That said, Foles should not be confused for a top five quarterback in the league. It’s possible he will struggle without Philly’s line and pass-catchers. He may not move Jacksonville’s floor, or even their median expectations that much. But the reason I include them on this list is because he dramatically improves his team’s ceiling. And in a league where every team is chasing the ultimate prize, that’s enough for me to say they’ve improved as much as anyone.
He also wasn’t the Jags’ only move this offseason. The MMQB’s Andy Benoit gave them a B+ and an A for their first two draft picks, Kentucky edge rusher Josh Allen at No. 7 and Florida offensive lineman Jawaan Taylor at No. 35.
In a top-heavy AFC, the Jaguars may be hard-pressed to make a deep playoff run like two years ago. But they can still be one of the NFL’s most-improved teams. —Mitch Goldich
The Steelers will be without a few notable faces this season, but after a tumultuous 2018 that ended with Pittsburgh missing the playoffs, it’s all for the better.
Blanketing the locker room for the entirety of last season was Le’Veon Bell’s holdout, as the star running back refused to sign his franchise tag and remained locked in a contract dispute with the Pittsburgh front office for the entire season. Efforts to trade him were futile, and Bell went the entire season without playing a single down of football, before signing with the Jets this offseason.
With Bell’s drama hanging over the team, Antonio Brown didn’t do much to help. The star wide receiver feuded with offensive coordinator Randy Fichtner during the season, and Brown didn’t show for the final game of the year after he got into a heated argument with Ben Roethlisberger and stormed out of practice mid-week (sources say he was frustrated that the team MVP award went to JuJu Smith-Schuster). The Steelers won without Brown in Week 17—though narrowly missed the playoffs—and ultimately traded Brown to the Raiders.
After moving on from Brown and Bell, the Steelers are left with QB Ben Roethlisberger steering the ship with a handful of younger players, including Smith-Schuster, James Conner and new addition Donte Moncrief. While the roster certainly doesn’t have the (potential) star power of the 2018 squad, Smith-Schuster has already commented on the lack of locker-room drama. Things can certainly get better. —Bette Marston
While there may be a difference between improving as a team and becoming healthier as a team, allow me to blur the lines for a second. Teams that have gotten the courage to rip their rosters down to the studs (having done so with a long-term vision and aligned organizational mentality) have usually been rewarded. The Dolphins have been one of the most perpetually middling teams in football over the last two decades, seemingly always bad enough to warrant a pick in the teens but never good enough to reach the playoffs with a competitive roster. While the current regime detests the word tanking, this is a strategic tear down. They get a cheap look at Josh Rosen, and Ryan Fitzpatrick is there to help develop the room (and the wide receivers). The defense is shedding dead weight and retooling. Whether or not Adam Gase created an untenable environment there, the entire place is being fumigated while they figure out who can be on a competitive team in 2021, theoretically with a top quarterback in either of the next two classes. I’d rather be a Dolphins fan right now than a lot of other teams stuck in the middle. —Conor Orr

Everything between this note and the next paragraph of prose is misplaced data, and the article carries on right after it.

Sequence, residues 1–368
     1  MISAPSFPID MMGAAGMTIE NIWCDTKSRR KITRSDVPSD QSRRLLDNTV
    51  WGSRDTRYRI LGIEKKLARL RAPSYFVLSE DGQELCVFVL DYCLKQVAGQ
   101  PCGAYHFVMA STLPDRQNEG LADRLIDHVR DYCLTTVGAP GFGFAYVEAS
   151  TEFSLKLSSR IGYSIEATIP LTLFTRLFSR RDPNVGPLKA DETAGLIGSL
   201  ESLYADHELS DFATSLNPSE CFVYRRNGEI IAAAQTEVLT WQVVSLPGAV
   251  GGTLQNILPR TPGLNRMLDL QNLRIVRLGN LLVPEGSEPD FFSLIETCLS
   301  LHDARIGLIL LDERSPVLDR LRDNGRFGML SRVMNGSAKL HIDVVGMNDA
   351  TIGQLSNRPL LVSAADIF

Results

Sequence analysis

San Francisco 49ers:
I don't like paying Kwon Alexander Top 10 linebacker money, but I loved everything else the Niners did this offseason. Dee Ford was an elite edge rusher in 2018 and should be motivated by the Chiefs’ willingness to deal him despite being on the cusp of a Super Bowl berth last winter. Pairing him with No. 2 overall pick Nick Bosa was a no-brainer, and suddenly the 49ers’ pass rush looks like a Top 10 unit, at least on paper. Adding running back Tevin Coleman at two years, $8.5 million is viewed as a steal around the league. Of course, the 49ers are counting on the biggest difference from 2018 to be the health of quarterback Jimmy Garoppolo, who suffered a season-ended leg injury three games into the season. He's the main reason Vegas is betting on San Francisco to add more wins than any other team in 2019. —Robert Klemko
Green Bay Packers:
I’m arguing the Packers improved the most this offseason because they’ve undertaken a much-needed culture overhaul. Mike McCarthy’s coaching was stale and he had lost control of the team. Aaron Rodgers was changing many of McCarthy’s play calls at the line of scrimmage, the offense stalled without a consistent veteran threat Rodgers could rely on and the defense lacked the talent to keep the team alive.
By firing McCarthy and hiring Matt LaFleur, the Packers are starting fresh—and anything is better then the mess they became last season when they lost to a 2-9 Arizona Cardinals team, in cold weather, at home. Green Bay has also addressed the weaknesses in its defense with the additions of pass rushers Zadarius Smith and Preston Smith, and safety Adrian Amos. The free agent signings marked a departure from the thrifty free agent budgeting of previous GM Ted Thompson. In the draft, Green Bay focused on defense again in the first round with Michigan defensive end Rashan Gary and Maryland safety Darnell Savage, and later added a pass catching threat in tight end Jace Sternberger. So the team has an improved defense paired with a revamped offense. If Rodgers buys into the system, Green Bay will return to form. —Kalyn Kahler